“In the fields of observation, chance favors only the prepared mind,” is a Louis Pasteur saying that resonated with me during The 2019 OPEN MINDS Technology & Informatics Institute session Is Your EHR On Track: How To Conduct A Strategic Technology Assessment as presenters Matthew M. Dorman, founder and chief executive officer of Credible Behavioral Health, Inc., and Larry Trenga, chief information officer of Wesley Family Services, shared their experiences.
The truth is that flashes of insight don’t just happen; they are a result of careful preparation, which must be brought to any organization’s technology implementation. How does one get there? Through a strategic technology assessment, which consists of a comprehensive review of the current state of your organization’s technology infrastructure and future needs.
In this session we learned the how of a strategic technology assessment. Most broadly, you must consider your market, your payer mix, the interests of your board, stakeholders, and staff. Also, in the mix for consideration are federal and state mandates, anticipated regulatory changes (ICD-11 is coming), assessment and reporting needs, as well as the ability to successfully participate in value-based reimbursement programs and other payment models.
More narrowly, a strategic technology assessment focuses on where your current system fails to meet your business needs. This is accomplished by completing a gap analysis. Things to consider when performing a gap analysis: What is broken? What can’t you do? What is the perception of what can’t be done? Perception is, after all, reality sometimes. What percentage of your agency is not on the system?
When is the right time to complete a technology assessment? “Any time the needs of the organization change” is the short answer. When there is a merger, acquisition or expansion of services, or when your legacy system no longer meets your organization’s strategic business development goals are good times to do a deep dive to learn if you have all the tools you need for success.
For example, when Wesley Spectrum merged with Family Services of Western Pennsylvania in 2017, Credible was one of two electronic health record (EHR) system vendors vetted to be the system of choice for the newly merged entity (see Where Are EHRs Heading?). Credible helped the organizations complete a comprehensive assessment of each entity’s legacy systems with the goal of selecting the “best of breed” in each service area, business process, and system configuration to ensure optimum support for Wesley Family Services.
During this exercise, Mr. Dorman emphasized, and Mr. Trenga embraced the tenet that technology systems selection is not an information technology (IT) decision, it’s a business decision. “If you look at it [system selection] as a technology project it will fail, it has to be a business project.” That’s true whether your organization is going through a merger, shopping for a new EHR, or determining if the current EHR is being used effectively.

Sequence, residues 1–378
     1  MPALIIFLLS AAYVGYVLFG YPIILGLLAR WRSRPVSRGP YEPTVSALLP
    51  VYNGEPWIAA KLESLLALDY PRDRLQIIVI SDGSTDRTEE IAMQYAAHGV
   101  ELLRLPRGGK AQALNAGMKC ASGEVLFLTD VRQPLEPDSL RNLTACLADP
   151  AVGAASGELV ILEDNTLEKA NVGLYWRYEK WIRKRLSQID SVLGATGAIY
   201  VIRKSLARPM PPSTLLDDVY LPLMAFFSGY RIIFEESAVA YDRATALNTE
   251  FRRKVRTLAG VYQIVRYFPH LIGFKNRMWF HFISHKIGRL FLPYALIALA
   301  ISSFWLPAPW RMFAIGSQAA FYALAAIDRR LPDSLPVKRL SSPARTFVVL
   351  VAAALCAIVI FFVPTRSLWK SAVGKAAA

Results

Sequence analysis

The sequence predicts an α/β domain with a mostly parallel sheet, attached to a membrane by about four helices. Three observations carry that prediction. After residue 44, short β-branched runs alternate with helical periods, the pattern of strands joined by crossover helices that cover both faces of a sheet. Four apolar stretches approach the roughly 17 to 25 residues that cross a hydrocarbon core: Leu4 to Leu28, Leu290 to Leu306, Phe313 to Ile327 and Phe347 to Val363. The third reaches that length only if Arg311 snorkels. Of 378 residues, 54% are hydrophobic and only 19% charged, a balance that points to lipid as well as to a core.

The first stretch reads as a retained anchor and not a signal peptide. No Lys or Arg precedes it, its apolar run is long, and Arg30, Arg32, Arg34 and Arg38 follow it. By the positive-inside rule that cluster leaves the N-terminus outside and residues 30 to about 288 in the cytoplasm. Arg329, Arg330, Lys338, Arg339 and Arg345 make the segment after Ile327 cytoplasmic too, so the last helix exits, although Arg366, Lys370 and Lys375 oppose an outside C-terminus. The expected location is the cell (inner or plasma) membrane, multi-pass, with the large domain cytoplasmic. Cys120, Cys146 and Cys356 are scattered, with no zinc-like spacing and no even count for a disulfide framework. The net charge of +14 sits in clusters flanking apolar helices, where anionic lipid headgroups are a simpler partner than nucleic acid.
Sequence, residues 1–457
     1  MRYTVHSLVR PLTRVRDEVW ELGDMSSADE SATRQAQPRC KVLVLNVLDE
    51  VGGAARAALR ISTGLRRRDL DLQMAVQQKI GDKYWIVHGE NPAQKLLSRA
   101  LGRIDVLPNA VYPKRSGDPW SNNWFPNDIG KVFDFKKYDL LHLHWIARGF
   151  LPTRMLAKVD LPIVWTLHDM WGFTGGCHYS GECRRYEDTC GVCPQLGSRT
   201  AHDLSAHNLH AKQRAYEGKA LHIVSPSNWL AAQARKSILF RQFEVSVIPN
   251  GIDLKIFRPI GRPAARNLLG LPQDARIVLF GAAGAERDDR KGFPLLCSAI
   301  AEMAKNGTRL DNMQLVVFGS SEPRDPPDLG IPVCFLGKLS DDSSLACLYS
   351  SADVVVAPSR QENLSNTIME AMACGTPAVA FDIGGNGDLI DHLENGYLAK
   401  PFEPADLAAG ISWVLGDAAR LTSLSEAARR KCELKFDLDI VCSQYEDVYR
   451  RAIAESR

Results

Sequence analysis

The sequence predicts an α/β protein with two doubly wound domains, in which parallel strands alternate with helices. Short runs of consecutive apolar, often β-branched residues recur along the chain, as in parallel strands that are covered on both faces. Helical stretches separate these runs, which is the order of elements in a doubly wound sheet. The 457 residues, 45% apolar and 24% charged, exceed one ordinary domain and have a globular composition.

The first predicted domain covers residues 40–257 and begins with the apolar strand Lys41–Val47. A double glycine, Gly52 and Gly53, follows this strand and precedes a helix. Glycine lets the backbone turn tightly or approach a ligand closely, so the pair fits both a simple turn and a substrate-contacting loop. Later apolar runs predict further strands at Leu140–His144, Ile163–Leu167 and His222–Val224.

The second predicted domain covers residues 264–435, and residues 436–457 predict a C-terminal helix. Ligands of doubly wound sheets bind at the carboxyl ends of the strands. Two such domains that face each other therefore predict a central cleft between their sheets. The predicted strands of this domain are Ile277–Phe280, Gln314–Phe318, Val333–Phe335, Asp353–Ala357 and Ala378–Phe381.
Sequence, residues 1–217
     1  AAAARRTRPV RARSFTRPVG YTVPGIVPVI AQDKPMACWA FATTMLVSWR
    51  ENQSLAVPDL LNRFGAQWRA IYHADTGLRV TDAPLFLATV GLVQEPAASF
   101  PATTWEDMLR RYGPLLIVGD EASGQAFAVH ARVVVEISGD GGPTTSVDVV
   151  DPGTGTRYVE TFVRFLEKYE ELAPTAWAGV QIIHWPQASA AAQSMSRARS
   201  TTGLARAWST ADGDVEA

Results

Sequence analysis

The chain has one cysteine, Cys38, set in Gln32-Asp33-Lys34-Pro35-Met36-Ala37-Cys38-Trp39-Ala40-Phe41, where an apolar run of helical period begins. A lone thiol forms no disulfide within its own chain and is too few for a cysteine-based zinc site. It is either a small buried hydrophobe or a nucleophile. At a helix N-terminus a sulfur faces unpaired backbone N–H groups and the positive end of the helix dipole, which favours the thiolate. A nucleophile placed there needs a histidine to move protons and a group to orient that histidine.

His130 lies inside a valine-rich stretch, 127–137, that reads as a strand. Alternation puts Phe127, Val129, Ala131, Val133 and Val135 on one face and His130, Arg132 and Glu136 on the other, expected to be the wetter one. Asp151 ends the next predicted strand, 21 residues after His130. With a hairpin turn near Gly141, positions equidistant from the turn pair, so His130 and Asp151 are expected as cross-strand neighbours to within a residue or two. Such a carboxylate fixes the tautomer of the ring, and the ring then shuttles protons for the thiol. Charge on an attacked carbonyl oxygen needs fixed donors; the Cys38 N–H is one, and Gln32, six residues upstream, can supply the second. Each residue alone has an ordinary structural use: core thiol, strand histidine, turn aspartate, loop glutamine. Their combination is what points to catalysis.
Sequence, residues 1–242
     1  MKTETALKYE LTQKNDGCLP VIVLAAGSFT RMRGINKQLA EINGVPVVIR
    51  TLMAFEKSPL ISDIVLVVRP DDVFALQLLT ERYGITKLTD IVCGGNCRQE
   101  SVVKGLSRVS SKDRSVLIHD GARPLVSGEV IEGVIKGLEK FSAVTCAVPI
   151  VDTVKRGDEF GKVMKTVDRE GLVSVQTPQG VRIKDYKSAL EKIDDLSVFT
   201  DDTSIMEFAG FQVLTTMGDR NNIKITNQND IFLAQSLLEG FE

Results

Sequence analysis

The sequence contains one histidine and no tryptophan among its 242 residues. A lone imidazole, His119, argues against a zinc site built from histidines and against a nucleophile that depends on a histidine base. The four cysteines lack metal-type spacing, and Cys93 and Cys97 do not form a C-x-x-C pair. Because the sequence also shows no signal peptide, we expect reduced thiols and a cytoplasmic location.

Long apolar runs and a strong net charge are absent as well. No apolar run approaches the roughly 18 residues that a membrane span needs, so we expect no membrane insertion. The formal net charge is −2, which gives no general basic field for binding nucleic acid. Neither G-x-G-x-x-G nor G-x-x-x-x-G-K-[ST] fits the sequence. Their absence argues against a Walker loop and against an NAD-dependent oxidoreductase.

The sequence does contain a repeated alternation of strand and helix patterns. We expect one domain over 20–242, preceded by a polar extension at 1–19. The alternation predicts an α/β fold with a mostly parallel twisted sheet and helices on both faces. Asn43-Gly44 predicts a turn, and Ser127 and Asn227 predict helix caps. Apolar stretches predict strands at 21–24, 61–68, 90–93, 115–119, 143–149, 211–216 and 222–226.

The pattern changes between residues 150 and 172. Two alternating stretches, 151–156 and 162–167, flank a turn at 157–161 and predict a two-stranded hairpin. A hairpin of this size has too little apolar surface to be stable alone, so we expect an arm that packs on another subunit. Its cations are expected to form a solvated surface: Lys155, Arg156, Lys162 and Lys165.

Three simple grids were presented to help organize findings and provide an “at a glance” side-by-side vendor comparison.
When the Wesley Spectrum and Family Services teams collaboratively assessed the legacy system of each organization and mapped the “must have, nice to have, and have today” to the business operations needs of the combined entity, the choice of vendor quickly became apparent. It came down to mobility, reporting and business intelligence, and reliability of the system. Interestingly, cost was not the highest priority. In fact, it was low on the list, as Wesley knew there was opportunity to negotiate and the business needs of the combined entity was the higher priority.
Session attendees questioned the presenters about time to implementation and training. Several attendees described system implementations that occurred during several years and in the end the system did not effectively support the organization. Or, as others noted, the training provided was insufficient for staff to effectively harness the functionality of the system. Mr. Dorman’s response: “Get out of the mindset that it’s going to take a year or two to implement. Credible completes 50 to 60 implementations a year in four months, on average, unless the customer asks for the implementation to be completed over a longer period.” The length of time your organization allocates to implement a new EHR system depends entirely on your organizational goals and operational resources.
Completing an assessment is only the first step. Effectively using the information gathered during the assessment will determine next steps to upgrade your existing system or invest in a new system to better meet your clinical, operational, and financial goals.
For more, take The OPEN MINDS Strategic Technology Assessment, here: https://ehrbestpractices.org/ehr-assessment-tool/. And for more, check out these resources in The OPEN MINDS Industry Library:
- Tech = Tools
- Six Functions For Moving EHRs To The Next Level
- The Five Key Competencies Of Technology & Reporting Infrastructure
- 4 Keys To Make New Tech Work
- Your EHR Might Be The Key To M&A Success
- Tech Management As Executive Competency
- Getting That Return On Your Tech Investment
- EHR Implementations: What Could Possibly Go Wrong?
- Your Insights For Tech Management & Strategy
- Is Your EHR Up To The Challenge Of Value-Based Reimbursement?
For more, join Mr. Dorman along with OPEN MINDS Senior Associate Joseph P. Naughton-Travers, Ed.M. on January 28, 2020, for their executive web briefing, Beyond The Core 4: What You Need To Survive A Value-Based World – Results Of The 2019 National Behavioral Health Electronic Health Record Survey, featuring the 2019 Behavioral Health EHR Survey results and insights into the functionality necessary to survive in a value-based world.